Psychiatrists have a habit of telling people with cyclothymia that without treatment it will develop into bipolar II but this seems to be anecdotal and difficult to disentangle from people being re-diagnosed with Bipolar II after not responding to treatment for cyclothymia. Psychiatrists, in my experience, also have a habit of insisting your life will be dramatically altered because of cyclothymia, and that you cannot successfully manage it alone – this may not be true, or it may. There are so may variables in anybody’s life which make such pronouncements utterly meaningless.
Seek advice and information on cyclothymia from your GP, psychiatrist, from Mental Health charities or advisers, and speak to other sufferers. Do not allow yourself to be pressured into decisions or treatments you feel uncomfortable with and feel empowered to ask for second opinions. Psychiatrists do not have all the answers, they are not sooth sayers, they do not have a crystal ball.
I wrote a little on my experiences of following, and not following, a psychiatrists advice in my post ‘things I want you to know if you have cyclothymia‘
Can you manage cyclothymia without medication?
Perhaps. I can. Or rather I am trying. Its a continual process and it depends heavily on your lifestyle, your job, your experiences of medication and your ability to maintain healthy routines.
I have written here, and here, about my attempts to manage cyclothymia without medication. After a few years, it’s still currently the right choice for me; it may not always be the right choice for me and it may never be the right choice for you, but it is possible.
What medication can be used to manage cyclothymia?
I have taken a slew of anti-depressants and the last medications I was on were Seroquel and Mirtazipine which worked to an extent but ultimately I decided the benefits were outweighed by the side effects.
Wikipedia has a very brief list of the medications commonly used to treat cyclothymia as does the NHS choices website (scroll down for ‘How is it treated?’) For detailed information on a drug you have been prescribed I recommend asking your doctor or psychiatrist, and having a look on the Crazy Meds site which I have always found to be both frank and accurate.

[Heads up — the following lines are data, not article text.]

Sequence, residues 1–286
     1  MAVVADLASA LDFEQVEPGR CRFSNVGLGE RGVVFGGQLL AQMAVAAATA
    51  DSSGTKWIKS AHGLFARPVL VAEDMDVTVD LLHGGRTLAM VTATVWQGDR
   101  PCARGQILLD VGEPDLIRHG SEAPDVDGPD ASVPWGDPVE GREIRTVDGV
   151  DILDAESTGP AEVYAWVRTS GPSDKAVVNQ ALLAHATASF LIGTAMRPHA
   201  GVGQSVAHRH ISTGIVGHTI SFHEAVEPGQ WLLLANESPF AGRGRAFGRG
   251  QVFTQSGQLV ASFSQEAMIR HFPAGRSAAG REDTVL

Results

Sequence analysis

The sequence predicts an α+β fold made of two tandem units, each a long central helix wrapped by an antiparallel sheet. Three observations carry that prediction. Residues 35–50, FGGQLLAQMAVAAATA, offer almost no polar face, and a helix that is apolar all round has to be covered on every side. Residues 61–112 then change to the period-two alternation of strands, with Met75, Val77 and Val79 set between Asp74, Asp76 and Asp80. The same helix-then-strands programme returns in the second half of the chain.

How do you live with cyclothymia?
This is the question my entire blog is aimed at exploring. There isn’t, I am confident, a single answer. I’m finding careful use of some medications (anti anxiety and sleeping tablets), occasional short courses of talking therapy, healthy physical routines and habits, and being tolerant of my own fluctuating reserves of energy and resolve, all contribute to me feeling in control of my life with cyclothymia.
It’s not an easy road, but it is one that it is possible to walk, with time, and effort put into finding what does and doesn’t work for you – either alone or in conjunction with mental health professionals, and supportive friends and family.
And finally, a google search term I couldn’t turn into a question;
Cyclothymia and stupid people
Unfortunately, cyclothymia does not bestow you with the super power to avoid stupid people, or eradicate them from your life. Sorry.
Have you still got a question that needs answering? Do you want to add to or query any of these answers? Please drop me a line in the comments.